Lil’ Jon & the East Side Boyz have won a copyright violation lawsuit that claimed the song “Weedman” was licensed by a former associate.
The track was believed to be owned by an artist close to Lil’ Jon.
Here’s the artistic context, noted by the 11th Circuit: the rapper “Lil Jon came up with the idea for a song about calling a ‘weedman’ after someone suggested they call a supplier of marijuana or ‘weed.'” A musician named Redwin Wilchombe, inspired, thereupon sang a chorus and melody. Lil Jon offered suggestions, Wilchombe revised and extended his piece, and a version eventually ended up on the album Kings of Crunk, which sold about two million copies. Wilchombe apparently was never paid or credited for the work. He sued, claiming copyright infringement and breach of fiduciary duty. (Washington Bureau)
However, a non-favoring decision was given against Wilchombe last week.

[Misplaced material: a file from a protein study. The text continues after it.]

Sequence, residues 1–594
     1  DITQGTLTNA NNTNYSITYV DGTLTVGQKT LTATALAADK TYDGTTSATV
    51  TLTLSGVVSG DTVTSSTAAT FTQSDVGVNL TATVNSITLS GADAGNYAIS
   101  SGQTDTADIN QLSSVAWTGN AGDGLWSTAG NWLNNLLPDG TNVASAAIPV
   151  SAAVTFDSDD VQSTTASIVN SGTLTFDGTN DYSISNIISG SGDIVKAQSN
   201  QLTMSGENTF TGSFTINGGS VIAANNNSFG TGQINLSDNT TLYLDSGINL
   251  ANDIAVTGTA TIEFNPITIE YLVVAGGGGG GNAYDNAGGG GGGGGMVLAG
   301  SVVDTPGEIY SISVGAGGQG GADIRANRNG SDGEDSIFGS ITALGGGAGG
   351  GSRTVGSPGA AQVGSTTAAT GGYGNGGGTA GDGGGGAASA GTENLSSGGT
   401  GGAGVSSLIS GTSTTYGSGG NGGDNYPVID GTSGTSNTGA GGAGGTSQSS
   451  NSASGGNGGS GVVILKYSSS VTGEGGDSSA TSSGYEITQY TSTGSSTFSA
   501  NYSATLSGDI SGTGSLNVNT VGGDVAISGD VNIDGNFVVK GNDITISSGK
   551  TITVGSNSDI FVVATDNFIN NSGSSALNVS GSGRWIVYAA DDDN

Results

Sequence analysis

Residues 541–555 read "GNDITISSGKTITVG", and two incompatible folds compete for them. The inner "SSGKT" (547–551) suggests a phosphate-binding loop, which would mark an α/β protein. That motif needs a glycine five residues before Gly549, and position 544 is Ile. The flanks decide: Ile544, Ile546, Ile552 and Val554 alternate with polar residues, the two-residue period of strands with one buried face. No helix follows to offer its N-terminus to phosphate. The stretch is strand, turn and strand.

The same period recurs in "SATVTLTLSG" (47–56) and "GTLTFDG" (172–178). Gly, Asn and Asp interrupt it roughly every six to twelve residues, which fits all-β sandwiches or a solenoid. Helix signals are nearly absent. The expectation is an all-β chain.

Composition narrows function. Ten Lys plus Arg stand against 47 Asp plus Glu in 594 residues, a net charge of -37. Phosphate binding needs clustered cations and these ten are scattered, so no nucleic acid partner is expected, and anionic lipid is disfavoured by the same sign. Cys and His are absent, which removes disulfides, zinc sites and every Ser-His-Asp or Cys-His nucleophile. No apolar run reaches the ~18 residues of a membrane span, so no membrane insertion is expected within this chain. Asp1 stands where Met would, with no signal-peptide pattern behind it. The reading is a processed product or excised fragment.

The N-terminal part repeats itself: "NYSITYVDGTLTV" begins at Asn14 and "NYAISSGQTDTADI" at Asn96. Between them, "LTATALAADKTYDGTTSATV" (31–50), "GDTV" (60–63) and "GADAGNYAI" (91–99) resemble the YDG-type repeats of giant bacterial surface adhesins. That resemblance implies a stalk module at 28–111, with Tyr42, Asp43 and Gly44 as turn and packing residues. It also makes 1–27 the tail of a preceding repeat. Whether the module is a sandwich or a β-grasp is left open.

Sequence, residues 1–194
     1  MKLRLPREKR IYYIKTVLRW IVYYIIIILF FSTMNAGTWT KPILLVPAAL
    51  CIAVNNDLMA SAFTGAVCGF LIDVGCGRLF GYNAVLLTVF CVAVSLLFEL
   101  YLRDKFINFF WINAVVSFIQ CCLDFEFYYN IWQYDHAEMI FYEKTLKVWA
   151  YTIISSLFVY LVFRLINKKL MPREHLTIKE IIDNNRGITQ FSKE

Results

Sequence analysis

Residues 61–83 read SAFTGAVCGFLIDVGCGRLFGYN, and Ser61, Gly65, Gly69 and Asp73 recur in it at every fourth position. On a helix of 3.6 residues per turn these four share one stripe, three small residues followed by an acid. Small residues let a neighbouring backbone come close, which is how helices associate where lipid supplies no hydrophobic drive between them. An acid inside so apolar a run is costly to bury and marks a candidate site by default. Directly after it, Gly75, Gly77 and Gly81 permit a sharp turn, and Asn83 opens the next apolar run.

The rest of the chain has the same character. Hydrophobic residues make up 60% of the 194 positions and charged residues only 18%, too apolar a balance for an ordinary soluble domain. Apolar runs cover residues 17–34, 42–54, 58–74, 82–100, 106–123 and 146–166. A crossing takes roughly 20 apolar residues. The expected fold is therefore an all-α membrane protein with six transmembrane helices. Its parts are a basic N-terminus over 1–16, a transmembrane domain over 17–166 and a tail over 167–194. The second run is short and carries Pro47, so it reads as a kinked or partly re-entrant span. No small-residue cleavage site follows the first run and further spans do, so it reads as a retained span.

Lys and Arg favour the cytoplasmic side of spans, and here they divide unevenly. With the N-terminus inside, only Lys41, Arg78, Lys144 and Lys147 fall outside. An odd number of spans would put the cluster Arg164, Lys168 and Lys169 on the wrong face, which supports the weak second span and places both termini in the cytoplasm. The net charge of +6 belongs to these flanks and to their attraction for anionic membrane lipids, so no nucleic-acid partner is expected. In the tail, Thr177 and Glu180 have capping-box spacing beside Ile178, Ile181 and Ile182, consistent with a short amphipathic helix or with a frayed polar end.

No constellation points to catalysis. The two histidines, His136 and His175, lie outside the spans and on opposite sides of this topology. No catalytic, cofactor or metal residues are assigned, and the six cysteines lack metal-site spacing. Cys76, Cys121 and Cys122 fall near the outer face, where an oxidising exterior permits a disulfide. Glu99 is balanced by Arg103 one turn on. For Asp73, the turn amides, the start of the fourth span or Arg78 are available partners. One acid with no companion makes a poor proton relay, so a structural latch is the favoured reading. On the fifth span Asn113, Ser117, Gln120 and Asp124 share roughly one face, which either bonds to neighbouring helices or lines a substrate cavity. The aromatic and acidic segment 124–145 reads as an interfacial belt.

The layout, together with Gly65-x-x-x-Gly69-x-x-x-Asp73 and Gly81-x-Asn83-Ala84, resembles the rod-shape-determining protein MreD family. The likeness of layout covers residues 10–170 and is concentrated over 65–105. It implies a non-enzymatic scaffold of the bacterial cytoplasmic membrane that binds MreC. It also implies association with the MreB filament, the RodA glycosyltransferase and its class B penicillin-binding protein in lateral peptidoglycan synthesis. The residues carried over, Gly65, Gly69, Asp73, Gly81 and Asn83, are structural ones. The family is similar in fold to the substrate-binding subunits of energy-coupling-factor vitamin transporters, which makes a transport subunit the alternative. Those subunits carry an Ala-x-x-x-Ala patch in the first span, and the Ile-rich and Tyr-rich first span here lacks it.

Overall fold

A federal judge ruled against Wilchombe’s claims of copyright infringement and breach of fiduciary duty. He appealed, and a three-judge panel upheld the ruling Wednesday, finding that Wilchombe had knowingly collaborated on the album. One of the appeals judges suggested Wilcombe might have better luck seeking a share of the profits but added “we cannot properly rewrite Mr. Wilchombe’s complaint.” (USA Today)
Furthermore, the judge claimed an implied consent was given to Lil’ Jon and crew.
“The district court properly rejected these arguments,” Judge Birch wrote, “and we likewise refuse to give Wilchcombe a ‘second bite at the apple.'” The court agreed with the conclusion that Wilchcombe had given Lil Jon & the East Side Boyz his implied consent to use “The Weedman” in their album. The court also pointed out that the plaintiff had asserted solo authorship for his copyright claim, but then said the song was co-authored in order to establish a confidential relationship for his breach of fiduciary duty claim. (Court House News)
Lil’ Jon’s Kings of Crunk was released in October 2002.
Kings of Crunk detours into more of a Texas-type sound when Jon features U.G.K. on the rock-influenced “Diamonds,” and those who find that Jon’s up-tempo material can be exhausting will be surprised at how much his group chills out on “Nothin’s Free” and a few other smooth, R&B-drenched items. Arguably the trio’s most well-rounded album, Kings of Crunk will keep crunk fans happy, but has enough variety to keep listeners from calling them one-dimensional. (Billboard)